1. Do the words “consequential loss” have a given meaning in law?

In English law, there are, as a general rule, two types of recoverable loss for a breach of contract: “direct loss” and “consequential loss”.  All other losses are considered “remote” and unrecoverable.  

This approach originated in the mid-19th Century case of Hadley v. Baxendale 1 (1854) 9 Exch. 341.  that stated recoverable losses were:

  • losses arising naturally  (i.e., according to the usual course of things) from the breach of contract itself – generally referred to as “direct losses” or the “first limb of Hadley v. Baxendale
  • losses that may reasonably be supposed to have been in the contemplation of both parties, at the time they made the contract, as the probable result of the breach of it – generally referred to as “consequential” or “indirect losses”, or the “second limb of Hadley v. Baxendale”.

The second limb of loss in Hadley v. Baxendale covers situations where there is knowledge of “special circumstances” at the time of the contract and a party has therefore been put on notice of a type of “exceptional loss 2 Per Blackburn J in Horne v Midland Railway (1873) LR 8 CP 131 at 141. ,  which would not arise in the usual course of things, that by reason of that notice it has effectively undertaken to bear in the event of a breach.

As such, the scope of “consequential loss” in the meaning given in Hadley v. Baxendale is narrow and highly fact-specific. 

2. Are the words “consequential loss” used in contractual exclusion of liability clauses?

Yes. Exclusions for “consequential loss” are widely used in the energy industry and in other sectors.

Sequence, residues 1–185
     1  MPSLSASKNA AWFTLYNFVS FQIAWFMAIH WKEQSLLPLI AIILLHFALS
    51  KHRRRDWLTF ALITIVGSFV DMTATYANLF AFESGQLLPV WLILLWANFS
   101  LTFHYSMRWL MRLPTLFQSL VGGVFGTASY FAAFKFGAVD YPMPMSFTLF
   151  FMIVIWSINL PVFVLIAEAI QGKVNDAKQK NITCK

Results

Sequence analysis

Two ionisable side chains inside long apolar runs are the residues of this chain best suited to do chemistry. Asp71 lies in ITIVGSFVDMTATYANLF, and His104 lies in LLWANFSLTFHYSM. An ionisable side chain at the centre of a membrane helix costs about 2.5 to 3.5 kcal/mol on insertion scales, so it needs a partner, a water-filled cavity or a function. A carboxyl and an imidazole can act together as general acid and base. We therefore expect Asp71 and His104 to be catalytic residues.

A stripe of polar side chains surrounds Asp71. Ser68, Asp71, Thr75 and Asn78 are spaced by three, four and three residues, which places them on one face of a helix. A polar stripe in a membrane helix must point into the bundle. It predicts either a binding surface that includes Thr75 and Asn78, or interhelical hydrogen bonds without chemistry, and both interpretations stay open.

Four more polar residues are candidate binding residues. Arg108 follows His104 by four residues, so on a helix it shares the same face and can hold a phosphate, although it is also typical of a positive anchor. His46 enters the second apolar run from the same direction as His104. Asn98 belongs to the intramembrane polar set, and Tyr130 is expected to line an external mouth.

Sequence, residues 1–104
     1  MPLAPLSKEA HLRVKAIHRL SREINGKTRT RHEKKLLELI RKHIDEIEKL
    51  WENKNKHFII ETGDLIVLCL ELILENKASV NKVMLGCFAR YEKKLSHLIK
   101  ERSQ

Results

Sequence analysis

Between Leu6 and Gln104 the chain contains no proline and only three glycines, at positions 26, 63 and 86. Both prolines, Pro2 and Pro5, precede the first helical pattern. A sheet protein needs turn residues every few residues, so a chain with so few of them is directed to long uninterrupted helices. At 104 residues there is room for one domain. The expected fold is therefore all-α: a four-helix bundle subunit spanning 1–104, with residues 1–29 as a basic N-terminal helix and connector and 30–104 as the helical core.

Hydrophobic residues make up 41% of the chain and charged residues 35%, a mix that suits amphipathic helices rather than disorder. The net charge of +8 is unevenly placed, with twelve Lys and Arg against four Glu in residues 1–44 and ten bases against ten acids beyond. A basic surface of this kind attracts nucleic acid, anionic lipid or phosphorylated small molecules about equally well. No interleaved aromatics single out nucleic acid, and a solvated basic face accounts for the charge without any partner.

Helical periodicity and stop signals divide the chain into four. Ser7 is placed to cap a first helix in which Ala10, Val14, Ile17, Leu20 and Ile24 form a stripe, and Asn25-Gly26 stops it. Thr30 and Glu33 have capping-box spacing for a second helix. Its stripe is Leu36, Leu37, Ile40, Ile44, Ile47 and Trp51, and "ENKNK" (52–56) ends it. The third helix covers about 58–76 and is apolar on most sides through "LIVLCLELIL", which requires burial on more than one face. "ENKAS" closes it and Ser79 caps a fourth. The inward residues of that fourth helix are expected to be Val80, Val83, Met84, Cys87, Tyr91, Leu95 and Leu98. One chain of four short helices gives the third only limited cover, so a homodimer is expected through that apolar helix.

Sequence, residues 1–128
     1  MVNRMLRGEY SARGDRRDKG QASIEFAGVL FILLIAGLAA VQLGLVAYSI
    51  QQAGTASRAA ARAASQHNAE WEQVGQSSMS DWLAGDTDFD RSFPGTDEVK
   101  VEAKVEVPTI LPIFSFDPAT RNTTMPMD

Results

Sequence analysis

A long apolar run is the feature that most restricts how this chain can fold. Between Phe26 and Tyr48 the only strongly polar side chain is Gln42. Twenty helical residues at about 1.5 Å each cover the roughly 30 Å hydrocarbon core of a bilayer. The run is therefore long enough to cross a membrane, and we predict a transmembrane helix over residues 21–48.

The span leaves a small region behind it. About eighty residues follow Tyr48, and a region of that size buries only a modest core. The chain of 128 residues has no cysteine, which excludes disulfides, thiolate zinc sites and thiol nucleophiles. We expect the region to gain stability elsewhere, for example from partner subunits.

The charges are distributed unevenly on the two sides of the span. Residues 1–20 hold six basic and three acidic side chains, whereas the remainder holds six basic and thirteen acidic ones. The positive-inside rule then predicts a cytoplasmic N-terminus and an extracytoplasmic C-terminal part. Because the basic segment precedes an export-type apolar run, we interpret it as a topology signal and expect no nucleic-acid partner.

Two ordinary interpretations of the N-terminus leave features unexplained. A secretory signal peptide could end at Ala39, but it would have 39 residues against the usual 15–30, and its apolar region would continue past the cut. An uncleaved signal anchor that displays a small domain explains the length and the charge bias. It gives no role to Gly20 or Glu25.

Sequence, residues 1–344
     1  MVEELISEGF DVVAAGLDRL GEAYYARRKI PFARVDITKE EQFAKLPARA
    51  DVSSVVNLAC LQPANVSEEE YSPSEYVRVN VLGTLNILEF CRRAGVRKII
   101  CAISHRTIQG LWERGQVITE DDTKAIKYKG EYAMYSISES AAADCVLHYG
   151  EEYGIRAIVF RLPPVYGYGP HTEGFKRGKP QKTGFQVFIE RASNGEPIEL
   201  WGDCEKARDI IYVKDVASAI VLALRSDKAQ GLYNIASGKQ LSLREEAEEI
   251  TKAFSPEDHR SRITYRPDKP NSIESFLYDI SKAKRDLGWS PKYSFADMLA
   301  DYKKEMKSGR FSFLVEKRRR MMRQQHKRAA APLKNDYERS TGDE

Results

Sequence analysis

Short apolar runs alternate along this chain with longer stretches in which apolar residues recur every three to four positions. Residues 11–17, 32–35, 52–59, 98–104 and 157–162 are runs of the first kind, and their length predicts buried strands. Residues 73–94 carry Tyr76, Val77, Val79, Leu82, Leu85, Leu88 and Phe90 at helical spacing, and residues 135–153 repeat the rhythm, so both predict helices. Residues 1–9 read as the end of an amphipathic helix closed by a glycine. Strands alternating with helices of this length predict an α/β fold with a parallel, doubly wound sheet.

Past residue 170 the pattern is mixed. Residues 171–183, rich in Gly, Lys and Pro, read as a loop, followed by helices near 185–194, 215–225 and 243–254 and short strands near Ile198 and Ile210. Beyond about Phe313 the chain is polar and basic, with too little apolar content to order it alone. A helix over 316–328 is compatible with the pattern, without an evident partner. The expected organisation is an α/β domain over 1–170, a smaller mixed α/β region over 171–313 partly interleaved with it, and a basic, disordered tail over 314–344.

In the oil and gas industry, the Association of International Petroleum Negotiators, Oil & Gas UK and LOGIC model form contracts routinely contain exclusions for consequential loss that are governed by English law. Two notable points concerning these model form contracts are:

  • “Consequential Loss” is usually defined in the model form contract, to give it a meaning decided by the parties.
  • Although “Consequential Loss” is defined in the model form contract, one of the losses excluded in these definitions or clauses is usually “consequential loss” (undefined). For example, ““Consequential Loss” means any indirect or consequential loss howsoever caused…” (Oil and Gas UK model form Joint Operating Agreement).

The power industry in the UK also uses exclusions of consequential loss. For example:

  • Paragraph 6.12.4 of the Connection and Use of System Code (CUSC) excludes liability between parties to the CUSC for: (i) any loss of profit, loss of revenue, loss of use, loss of contract or loss of goodwill; and (ii) “any indirect or consequential loss”.  
  • Clause 64.8 of the Contract for Difference Standard Terms and Conditions (Version 2) for the second allocation round between a low carbon electricity generator and the Low Carbon Contracts Company (LCCC), a government-owned company, introduced as part of the Electricity Market Reform, excludes liability for any “special, indirect or consequential loss including any such loss which constitutes loss of use, loss of goodwill, loss of profit or loss of revenue, in each case incurred by the other Party in respect of any breach of the terms of the Contract for Difference or any other CfD Document”.
  • Clause 19.1.1 (b) of the Backstop Power Purchase Agreement (“BPPA”) that would be entered into between a supplier and an eligible generator under the United Kingdom Offtaker of Last Resort scheme uses near-identical words to those in clause 64.8 of the LCCC.